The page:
Honey bees in Riyadh and Al Baha shared gut

Honey bees in Riyadh and Al-Baha shared 18.2% gut bacterial isolates in common. The overall complexity of the microbial communities in honey bees in the Riyadh region was lower (36.4%) than that of Al-Baha (45.5%). This difference in the gut microbial communities might be due to difference in the gut physiological conditions, such as pH, etc. (Yoshiyama and Kimura, 2009), the presence of environmental bacteria from nectar and pollen sources (Anderson et al., 2013), the age of the honey bees, and the season or prevailing characteristics of the environments that affect the geographical location (Gilliam, 1997).
The gut microbial Torin 1 manufacturer of A. m. jemenitica in this study was higher than that in previous culture-dependent studies of A. mellifera (Evans and Armstrong, 2006; Gilliam, 1997; Piccini et al., 2004), but was comparable to that of other studies (Wu et al., 2014; Yoshiyama and Kimura, 2009) in which the microbial diversity of A. c. japonica was enumerated by using culture-dependent methods. However, the microbial diversity of bees from both regions was lower than that of previous studies in which culture-independent methods were used for microbial isolation (Ahn et al., 2012; Anderson et al., 2013; Babendreier et al., 2007; Corby-Harris et al., 2014a; Cox-Foster et al., 2007; Engel and Moran, 2013b; Engel et al., 2012; Horton et al., 2015; Martinson et al., 2011; Mohr and Tebbe, 2006; Moran et al., 2012).
Bacterial species of the genus Bifidobacterium were not detected in the alimentary tract of A. m. jemenitica in Riyadh and Al-Baha, in agreement with the results of Babendreier et al. (2007), Disayathanoowat et al. (2012), Evans and Armstrong (2006), Mohr and Tebbe (2006), Saraithong et al. (2015), Tajabadi et al. (2011a), Wu et al. (2014), Yoshiyama and Kimura (2009). However, the non-detection of Bifidobacterium in this study contradicts the results of Ahn et al. (2012), Anderson et al. (2016, 2013), Corby-Harris et al. (2014a), Cox-Foster et al. (2007), Engel and Moran (2013b), Engel et al. (2012), Gilliam (1997), Horton et al. (2015), Jeyaprakash et al. (2003), Ludvigsen et al. (2015), Martinson et al. (2011), Moran et al. (2012), Olofsson and Vásquez (2008), Sabree et al. (2012). The possible reason for non-detection of Bifidobacterium may be its leower abundance (Horton et al., 2015; Kwong and Moran, 2016), as it comprised only 1.6–3.9% of the bacteria in adult A. mellifera and 0.1–0.4% in A. cerana (Ahn et al., 2012).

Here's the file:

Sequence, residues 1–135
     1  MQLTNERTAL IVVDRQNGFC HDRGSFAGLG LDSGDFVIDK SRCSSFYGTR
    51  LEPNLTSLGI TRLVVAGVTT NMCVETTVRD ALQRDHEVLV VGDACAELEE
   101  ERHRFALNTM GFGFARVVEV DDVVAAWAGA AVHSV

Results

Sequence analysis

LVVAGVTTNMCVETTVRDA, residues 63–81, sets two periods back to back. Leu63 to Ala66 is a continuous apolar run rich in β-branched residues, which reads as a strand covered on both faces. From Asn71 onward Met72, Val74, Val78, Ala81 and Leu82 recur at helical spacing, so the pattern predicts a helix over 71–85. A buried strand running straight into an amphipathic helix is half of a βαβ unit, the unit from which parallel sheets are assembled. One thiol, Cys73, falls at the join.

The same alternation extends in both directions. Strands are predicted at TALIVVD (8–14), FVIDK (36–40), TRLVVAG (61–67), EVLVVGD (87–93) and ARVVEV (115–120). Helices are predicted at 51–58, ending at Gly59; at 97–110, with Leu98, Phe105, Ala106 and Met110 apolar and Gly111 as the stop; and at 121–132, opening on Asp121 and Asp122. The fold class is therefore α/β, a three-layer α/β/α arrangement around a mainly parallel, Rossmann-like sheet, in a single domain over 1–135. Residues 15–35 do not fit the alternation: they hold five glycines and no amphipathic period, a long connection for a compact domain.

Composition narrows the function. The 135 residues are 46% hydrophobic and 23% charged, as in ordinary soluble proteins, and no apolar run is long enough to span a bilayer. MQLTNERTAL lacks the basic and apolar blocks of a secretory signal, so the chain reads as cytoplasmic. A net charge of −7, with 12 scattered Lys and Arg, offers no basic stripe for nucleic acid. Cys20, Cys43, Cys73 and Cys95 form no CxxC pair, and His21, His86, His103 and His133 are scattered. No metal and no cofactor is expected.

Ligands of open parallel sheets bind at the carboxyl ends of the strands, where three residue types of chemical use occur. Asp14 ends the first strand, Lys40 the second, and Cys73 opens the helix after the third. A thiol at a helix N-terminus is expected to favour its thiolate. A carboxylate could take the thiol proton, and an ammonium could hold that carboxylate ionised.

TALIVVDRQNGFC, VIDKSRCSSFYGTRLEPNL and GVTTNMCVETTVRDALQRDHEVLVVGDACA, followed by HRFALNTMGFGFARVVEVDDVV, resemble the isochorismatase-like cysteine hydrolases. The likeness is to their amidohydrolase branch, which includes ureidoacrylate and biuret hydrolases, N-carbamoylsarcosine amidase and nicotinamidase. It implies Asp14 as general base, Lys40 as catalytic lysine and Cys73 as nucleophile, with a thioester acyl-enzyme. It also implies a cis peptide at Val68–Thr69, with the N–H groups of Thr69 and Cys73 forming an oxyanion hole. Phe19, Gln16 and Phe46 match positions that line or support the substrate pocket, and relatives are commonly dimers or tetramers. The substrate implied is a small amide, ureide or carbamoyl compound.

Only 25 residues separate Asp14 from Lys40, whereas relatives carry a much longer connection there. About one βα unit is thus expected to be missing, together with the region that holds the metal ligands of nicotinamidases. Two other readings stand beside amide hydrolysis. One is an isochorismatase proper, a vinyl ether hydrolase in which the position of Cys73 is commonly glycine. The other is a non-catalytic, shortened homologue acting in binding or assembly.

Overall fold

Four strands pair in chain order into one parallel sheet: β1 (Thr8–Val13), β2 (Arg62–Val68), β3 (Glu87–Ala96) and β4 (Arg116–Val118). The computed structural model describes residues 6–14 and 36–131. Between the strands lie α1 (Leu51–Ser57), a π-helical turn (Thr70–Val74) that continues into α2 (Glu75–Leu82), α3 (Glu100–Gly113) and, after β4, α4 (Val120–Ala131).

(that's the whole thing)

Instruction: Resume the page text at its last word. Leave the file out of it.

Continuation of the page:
Lactobacillus Firm-4 and Firm-5 are considered to be core gut bacteria of A. mellifera, and they have been consistently detected irrespective of geography, environment, and subspecies (Martinson et al., 2011). Evans and Armstrong (2006) did not detect these bacteria in A. mellifera larvae by culture-dependent methods. Lactobacillus were also not detected in the gut of A. c. japonica (Wu et al., 2014; Yoshiyama and Kimura, 2009). In the present study, Lactobacillus Firm-4 and Firm-5 were also detected however, L. kunkeei was detected in bees from Riyadh and Al-Baha. These detected strains were phylogenetically close to the 16S sequences detected in previous studies (Anderson et al., 2013; Olofsson and Vásquez, 2008; Vásquez et al., 2012). Olofsson and Vásquez (2008) and Vásquez et al. (2012) detected a L. kunkeei strain Fhon2, which was consistently detected in honeybees and fresh honey samples. Vojvodic et al. (2013) isolated L. kunkeei from the gut of Africanized and European honey bee larvae, even first instar larvae, and observed a greater abundance in managed honey bees compared to the abundance in bees that had access to a pollination environment. Saraithong et al. (2015) observed abundant L. kunkeei in the gut of A. florea larvae. Anderson et al. (2013) found that L. kunkeei was the most frequent bacterium in the gut of honey bees, and was also present in pure honey, floral nectar, and beebread. However, they suggested that the abundance of L. kunkeei was due to culturing bias, as these bacteria were absent or rare in other culture-independent studies (Corby-Harris et al., 2014a; Engel and Moran, 2013b; Engel et al., 2012; Horton et al., 2015; Martinson et al., 2011; Moran et al., 2012; Sabree et al., 2012). The existence of L. kunkeei in the gut of A. m. jemenitica (this study), and larval guts and flower nectar (Vojvodic et al., 2013), honey bees and fresh honey (Olofsson and Vásquez, 2008), and the gut of A. florea larvae (Saraithong et al., 2015) demands further study to clarify the position of L. kunkeei as a core or non-core gut bacterium.